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This article in JEQ

  1. Vol. 19 No. 3, p. 546-551
    Received: July 3, 1989

    * Corresponding author(s):
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Microbial Release of 2,4-Dichlorophenol Bound to Humic Acid or Incorporated during Humification

  1. J. Dec,
  2. K. L. Shuttleworth and
  3. J.-M. Bollag *
  1. Lab. of Soil Biochemistry, The Pennsylvania State Univ., University Park, PA 16802.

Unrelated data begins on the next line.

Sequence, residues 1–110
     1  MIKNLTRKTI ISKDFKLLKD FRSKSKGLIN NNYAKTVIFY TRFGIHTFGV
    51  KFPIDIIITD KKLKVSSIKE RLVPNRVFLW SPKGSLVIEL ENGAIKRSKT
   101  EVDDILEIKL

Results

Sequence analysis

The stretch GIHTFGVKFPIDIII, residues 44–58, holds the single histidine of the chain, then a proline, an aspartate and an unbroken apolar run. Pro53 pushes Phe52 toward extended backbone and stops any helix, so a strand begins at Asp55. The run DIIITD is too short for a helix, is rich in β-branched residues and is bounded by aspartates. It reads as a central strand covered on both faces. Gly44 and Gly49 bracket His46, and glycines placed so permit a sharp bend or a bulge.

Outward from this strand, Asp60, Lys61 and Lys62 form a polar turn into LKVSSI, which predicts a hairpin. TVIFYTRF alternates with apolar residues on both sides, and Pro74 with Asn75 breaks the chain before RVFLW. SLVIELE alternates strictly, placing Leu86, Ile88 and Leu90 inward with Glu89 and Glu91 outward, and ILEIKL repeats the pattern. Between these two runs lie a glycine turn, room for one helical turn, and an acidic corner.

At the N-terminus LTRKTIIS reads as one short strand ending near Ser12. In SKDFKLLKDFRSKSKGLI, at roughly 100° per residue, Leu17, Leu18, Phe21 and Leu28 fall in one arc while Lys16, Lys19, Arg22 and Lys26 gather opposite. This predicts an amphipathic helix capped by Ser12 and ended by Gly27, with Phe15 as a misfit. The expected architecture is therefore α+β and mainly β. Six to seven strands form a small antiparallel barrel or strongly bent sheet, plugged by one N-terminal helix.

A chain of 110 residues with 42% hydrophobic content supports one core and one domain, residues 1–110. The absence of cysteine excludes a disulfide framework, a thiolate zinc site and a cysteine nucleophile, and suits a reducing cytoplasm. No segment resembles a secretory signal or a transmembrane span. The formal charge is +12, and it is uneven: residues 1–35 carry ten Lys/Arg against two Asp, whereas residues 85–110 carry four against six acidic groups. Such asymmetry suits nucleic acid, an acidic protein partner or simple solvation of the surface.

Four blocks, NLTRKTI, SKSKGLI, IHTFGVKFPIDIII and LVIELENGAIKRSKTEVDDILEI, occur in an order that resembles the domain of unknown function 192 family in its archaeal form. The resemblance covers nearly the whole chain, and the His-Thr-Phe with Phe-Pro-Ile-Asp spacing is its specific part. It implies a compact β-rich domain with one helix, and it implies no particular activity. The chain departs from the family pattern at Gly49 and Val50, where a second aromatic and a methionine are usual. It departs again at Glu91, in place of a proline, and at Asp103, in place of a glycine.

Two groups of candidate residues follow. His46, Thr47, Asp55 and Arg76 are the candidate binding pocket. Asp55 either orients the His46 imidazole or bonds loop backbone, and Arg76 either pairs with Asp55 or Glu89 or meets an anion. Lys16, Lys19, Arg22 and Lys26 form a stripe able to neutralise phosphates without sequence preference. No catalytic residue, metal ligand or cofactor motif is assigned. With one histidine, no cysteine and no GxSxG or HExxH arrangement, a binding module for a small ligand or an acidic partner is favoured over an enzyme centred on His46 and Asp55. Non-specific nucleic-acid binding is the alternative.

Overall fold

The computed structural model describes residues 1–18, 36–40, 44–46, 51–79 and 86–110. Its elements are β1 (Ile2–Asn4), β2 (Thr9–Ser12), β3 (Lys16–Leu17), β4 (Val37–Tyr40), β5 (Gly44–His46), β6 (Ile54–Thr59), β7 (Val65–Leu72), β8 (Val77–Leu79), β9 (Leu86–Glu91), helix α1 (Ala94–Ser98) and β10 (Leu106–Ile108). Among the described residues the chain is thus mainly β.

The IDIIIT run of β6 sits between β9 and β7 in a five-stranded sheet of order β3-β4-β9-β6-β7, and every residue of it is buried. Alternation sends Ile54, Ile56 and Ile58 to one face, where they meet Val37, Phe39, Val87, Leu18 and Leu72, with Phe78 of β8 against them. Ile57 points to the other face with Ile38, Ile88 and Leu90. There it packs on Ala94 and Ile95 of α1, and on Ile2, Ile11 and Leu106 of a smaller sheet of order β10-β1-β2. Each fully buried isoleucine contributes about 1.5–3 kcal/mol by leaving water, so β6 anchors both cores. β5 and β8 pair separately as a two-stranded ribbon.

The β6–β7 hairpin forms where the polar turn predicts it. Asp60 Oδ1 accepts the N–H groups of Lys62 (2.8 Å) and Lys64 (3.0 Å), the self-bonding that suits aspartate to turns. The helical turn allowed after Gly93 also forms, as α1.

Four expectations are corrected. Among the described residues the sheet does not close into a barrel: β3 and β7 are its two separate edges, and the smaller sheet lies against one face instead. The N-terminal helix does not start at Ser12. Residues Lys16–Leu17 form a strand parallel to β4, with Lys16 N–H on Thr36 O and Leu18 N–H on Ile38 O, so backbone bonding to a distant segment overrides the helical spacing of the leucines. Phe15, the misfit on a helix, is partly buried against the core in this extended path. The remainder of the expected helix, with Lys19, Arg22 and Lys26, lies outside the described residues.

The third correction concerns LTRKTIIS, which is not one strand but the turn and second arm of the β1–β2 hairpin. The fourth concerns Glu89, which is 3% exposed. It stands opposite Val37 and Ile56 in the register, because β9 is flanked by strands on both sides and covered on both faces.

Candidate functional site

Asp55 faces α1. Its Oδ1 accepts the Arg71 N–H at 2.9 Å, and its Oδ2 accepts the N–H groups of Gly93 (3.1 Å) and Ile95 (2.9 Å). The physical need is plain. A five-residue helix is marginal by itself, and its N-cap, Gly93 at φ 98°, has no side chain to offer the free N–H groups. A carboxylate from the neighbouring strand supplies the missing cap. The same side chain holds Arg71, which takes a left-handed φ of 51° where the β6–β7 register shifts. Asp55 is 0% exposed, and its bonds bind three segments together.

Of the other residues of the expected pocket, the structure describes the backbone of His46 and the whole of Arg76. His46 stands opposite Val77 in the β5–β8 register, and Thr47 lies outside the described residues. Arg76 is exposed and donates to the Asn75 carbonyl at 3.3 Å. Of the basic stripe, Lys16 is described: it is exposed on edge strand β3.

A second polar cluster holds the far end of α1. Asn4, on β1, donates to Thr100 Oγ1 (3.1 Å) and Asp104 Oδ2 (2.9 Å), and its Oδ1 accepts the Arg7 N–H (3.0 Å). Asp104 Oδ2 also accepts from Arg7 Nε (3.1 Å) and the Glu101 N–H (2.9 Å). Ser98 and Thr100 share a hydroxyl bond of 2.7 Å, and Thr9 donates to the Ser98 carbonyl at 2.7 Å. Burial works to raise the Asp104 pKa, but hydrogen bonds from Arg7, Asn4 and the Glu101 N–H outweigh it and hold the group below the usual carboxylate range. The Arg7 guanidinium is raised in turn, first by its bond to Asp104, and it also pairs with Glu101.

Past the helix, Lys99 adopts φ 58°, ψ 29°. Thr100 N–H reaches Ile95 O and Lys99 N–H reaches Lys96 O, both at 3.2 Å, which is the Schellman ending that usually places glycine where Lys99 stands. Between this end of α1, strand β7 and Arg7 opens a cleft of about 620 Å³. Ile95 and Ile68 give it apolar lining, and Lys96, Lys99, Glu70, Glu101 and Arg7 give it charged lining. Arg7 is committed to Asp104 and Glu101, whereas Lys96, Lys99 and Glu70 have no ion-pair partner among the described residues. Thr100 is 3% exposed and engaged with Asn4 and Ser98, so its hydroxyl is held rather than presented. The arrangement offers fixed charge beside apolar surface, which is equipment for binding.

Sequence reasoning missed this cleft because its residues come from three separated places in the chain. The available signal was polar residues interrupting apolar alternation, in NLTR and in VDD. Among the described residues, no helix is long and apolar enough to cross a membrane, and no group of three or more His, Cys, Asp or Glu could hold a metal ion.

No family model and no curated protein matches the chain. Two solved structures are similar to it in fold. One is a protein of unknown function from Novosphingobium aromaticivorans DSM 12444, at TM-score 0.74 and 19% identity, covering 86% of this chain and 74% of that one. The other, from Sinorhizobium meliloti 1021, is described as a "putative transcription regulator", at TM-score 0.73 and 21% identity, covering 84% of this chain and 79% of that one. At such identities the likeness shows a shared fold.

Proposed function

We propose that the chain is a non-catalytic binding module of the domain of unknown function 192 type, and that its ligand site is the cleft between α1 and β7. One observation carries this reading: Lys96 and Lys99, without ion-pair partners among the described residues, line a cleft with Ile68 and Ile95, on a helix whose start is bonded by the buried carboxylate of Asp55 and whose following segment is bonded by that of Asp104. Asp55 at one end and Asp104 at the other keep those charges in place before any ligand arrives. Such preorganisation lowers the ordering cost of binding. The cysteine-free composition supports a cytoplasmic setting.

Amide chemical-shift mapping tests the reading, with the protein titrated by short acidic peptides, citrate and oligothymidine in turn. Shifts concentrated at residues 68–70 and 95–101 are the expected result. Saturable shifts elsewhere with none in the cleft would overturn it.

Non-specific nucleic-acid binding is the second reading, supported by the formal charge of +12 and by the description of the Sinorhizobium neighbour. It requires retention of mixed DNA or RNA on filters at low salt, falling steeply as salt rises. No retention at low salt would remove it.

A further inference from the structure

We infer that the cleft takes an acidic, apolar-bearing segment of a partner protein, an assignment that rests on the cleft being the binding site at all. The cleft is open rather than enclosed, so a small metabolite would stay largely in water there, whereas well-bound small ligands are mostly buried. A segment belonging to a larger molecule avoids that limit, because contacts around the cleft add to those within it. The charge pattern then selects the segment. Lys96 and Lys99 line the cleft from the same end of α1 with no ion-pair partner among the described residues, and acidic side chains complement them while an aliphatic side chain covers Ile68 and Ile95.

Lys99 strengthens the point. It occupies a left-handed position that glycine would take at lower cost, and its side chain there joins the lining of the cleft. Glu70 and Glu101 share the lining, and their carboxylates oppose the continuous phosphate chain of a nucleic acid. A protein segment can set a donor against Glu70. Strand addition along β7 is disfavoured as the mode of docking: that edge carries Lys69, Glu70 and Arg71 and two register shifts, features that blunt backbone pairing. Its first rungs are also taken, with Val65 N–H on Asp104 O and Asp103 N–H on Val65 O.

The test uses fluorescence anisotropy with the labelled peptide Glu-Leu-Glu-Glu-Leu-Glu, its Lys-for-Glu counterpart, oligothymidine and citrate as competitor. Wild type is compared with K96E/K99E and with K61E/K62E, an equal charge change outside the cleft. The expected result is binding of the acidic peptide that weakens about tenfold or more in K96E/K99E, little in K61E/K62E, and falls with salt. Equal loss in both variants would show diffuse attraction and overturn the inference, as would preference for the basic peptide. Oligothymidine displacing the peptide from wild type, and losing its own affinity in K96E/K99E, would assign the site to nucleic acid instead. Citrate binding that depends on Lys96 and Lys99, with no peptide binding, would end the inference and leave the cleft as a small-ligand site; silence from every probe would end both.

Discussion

The microbial release of 14C-labeled 2,4-dichiorophenol (DCP) bound to synthetic and natural humic materials or polymerized by enzymes was investigated to evaluate the possibility of future adverse effects if binding or polymerization is used for decontamination purposes. After 12 wk of incubation with microorganisms obtained from a forest soil, the amounts of substances released into the media were very small (maximum 2.2% of the initially bound 14C) without regard to the kind of the polymer into which 14C-DCP was incorporated. Most of the radioactivity (46.2 to 80.8%) remained bound to the precipitated humic materials or in the DCP-po!ymer (90.1 to 97.0%). Certain amounts of the released substances evolved in the form of 14CO2 (1.0 to 9.4% from humic materials and 0 to 0.5% from a DCP-polymer). The rate of mineralization differed depending on the type of DCP binding—surface-bound or incorporated during synthesis of humic acid—and on the kind of polymer to which 14C-DCP was attached. The release into the media and 14CO2 evolution for synthetic and natural humic acids was essentially the same. When only DCP was present in the growth medium, the formation of 14CO2 was less than from a DCP-humic acid complex; this may indicate that 14CO2 from a DCP-humic acid complex originated mostly from DCP derivatives. The data obtained for DCP did not provide any evidence for a delayed pollution problem associated with polymerization or binding of xenobiotics to humic acids.

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